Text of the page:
The final day of the Senate impeachment trial: https://www.youtube.com/watch?v=CeQ8W1BikeE
The day began with a request to depose Rep. Herrera Beutler on evidence released the previous night regarding a January 6th phone call between Donald Trump and House Minority Leader Kevin McCarthy. Rep. Beutler alleged that during the riot, Trump sided with the rioters. Five Republicans voted in favor of hearing this testimony, 55 to 45, and calling more witnesses. However, the measure was set aside hours later after an agreement was reached to simply add Rep. Beutler’s statement to the record rather than depose. Both sides agreed to this stipulation.
Key evidence in Rep. Beutler’s statement read as follows:
“When McCarthy finally reached the president on January 6th and asked him to publicly and forcefully call off the riot, the president initially repeated the falsehood that it was Antifa that had breached the Capitol. McCarthy refuted that, and told the president that these were Trump supporters. That’s when, according to McCarthy, the president said: ‘Well, Kevin, I guess these people are more upset about the election than you are.'”
After closing arguments, Trump was acquitted, 57 to 43, ten votes shy of the 2/3rds needed. Seven Republicans voted to convict Donald Trump, in a vote that was both the largest and most bipartisan of any presidential impeachment trial.
After the vote, although he voted to acquit, Sen. Mitch McConnell condemned Donald Trump as responsible for the riot: ” There’s no question, none, that President Trump is practically and morally responsible for provoking the events of the day.”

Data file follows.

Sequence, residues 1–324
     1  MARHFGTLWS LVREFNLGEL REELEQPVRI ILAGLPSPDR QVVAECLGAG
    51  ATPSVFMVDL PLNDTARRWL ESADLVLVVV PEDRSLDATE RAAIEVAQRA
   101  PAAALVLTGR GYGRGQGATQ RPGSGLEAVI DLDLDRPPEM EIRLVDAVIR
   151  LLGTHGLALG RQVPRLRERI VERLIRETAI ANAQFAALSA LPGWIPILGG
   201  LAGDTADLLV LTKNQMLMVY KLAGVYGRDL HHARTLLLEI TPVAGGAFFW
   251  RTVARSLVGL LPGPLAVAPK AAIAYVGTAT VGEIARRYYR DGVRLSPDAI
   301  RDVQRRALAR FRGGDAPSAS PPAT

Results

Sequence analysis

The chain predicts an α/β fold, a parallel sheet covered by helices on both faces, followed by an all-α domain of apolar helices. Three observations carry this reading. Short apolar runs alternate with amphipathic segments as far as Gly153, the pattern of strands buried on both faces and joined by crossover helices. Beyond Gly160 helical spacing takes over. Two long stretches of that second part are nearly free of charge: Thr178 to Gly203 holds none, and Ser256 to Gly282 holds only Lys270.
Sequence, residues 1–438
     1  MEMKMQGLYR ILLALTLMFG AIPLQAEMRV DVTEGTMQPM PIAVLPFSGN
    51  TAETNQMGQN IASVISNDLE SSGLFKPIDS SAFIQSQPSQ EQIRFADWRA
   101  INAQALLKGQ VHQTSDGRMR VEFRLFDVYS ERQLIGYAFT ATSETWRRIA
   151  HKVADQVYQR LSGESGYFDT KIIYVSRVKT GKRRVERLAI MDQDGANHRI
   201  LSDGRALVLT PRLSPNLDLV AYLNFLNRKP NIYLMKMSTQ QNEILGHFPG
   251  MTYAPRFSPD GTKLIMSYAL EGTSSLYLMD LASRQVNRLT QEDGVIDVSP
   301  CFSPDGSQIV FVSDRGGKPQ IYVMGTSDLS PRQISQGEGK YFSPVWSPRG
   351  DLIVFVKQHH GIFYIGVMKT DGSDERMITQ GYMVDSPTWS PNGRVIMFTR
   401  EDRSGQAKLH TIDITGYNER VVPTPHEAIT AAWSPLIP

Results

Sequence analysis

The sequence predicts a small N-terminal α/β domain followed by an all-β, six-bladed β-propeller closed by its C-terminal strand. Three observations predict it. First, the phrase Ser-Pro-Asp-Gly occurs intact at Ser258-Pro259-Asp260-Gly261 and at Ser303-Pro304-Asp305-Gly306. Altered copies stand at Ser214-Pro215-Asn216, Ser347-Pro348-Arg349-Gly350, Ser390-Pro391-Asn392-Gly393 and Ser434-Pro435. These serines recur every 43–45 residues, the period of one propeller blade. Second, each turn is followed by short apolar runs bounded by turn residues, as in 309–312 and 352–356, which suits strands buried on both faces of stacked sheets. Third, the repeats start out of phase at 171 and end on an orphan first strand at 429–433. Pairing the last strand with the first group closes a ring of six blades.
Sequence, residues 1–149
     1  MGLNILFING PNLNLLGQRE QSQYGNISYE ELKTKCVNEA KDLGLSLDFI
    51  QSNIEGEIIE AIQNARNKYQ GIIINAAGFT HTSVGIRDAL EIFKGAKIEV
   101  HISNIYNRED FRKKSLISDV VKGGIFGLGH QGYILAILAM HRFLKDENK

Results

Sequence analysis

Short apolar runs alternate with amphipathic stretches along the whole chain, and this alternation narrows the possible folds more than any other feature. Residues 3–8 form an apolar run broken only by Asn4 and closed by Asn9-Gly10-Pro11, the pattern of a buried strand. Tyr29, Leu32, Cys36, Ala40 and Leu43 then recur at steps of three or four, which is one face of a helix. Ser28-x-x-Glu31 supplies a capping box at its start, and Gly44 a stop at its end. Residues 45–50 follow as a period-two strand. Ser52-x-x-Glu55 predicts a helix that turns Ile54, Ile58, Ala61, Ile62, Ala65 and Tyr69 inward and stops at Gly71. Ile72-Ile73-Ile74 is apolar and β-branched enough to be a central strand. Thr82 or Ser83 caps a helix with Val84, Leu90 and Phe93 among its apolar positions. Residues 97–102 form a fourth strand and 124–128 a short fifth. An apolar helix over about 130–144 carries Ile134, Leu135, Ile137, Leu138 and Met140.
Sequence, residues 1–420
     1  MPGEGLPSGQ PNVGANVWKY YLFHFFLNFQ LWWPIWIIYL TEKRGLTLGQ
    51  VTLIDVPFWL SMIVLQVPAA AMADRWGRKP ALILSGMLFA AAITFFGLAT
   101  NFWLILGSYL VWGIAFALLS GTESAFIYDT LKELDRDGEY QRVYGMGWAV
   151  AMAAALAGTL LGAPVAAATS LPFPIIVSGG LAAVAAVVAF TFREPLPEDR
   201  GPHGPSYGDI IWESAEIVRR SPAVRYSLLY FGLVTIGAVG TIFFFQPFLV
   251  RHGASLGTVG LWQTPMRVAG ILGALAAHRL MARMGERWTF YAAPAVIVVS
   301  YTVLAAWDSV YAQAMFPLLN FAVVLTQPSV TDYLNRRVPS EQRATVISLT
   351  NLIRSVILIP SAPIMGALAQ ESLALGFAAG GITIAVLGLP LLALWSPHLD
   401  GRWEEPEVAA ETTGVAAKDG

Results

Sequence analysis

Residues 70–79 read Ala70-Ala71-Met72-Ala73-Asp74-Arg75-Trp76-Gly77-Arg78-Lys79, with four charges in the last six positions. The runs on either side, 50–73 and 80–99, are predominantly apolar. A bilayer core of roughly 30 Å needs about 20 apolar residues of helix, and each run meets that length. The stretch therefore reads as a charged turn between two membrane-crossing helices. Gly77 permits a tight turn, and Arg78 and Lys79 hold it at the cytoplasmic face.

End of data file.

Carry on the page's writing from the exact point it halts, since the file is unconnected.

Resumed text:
Sen. Chuck Schumer delivered the following remarks on the Senate floor:
“January 6th will live as a day of infamy in the United States of America. The failure to convict Donald Trump will live as a vote of infamy in the history of the United States Senate. Five years ago, Republicans lamented what would become of their party if Donald Trump became their standard-bearer. Just look at what has happened. Look at what Republicans have been forced to defend. Look at what Republicans have chosen to forgive.”
“The most despicable act that any president has ever committed, and the majority of Republicans cannot summon the courage or the morality to condemn it.”
“Washington’s farewell address established for all time that no one had the right to the office of the presidency, that it belonged to the people. What an amazing legacy. What an amazing gift to future generations: the knowledge that this country will always be greater than any one person, even our most renowned. That’s why members of both parties take turns reading the address in full into the record, to pledge common attachment to the selflessness at the core of our democratic system.”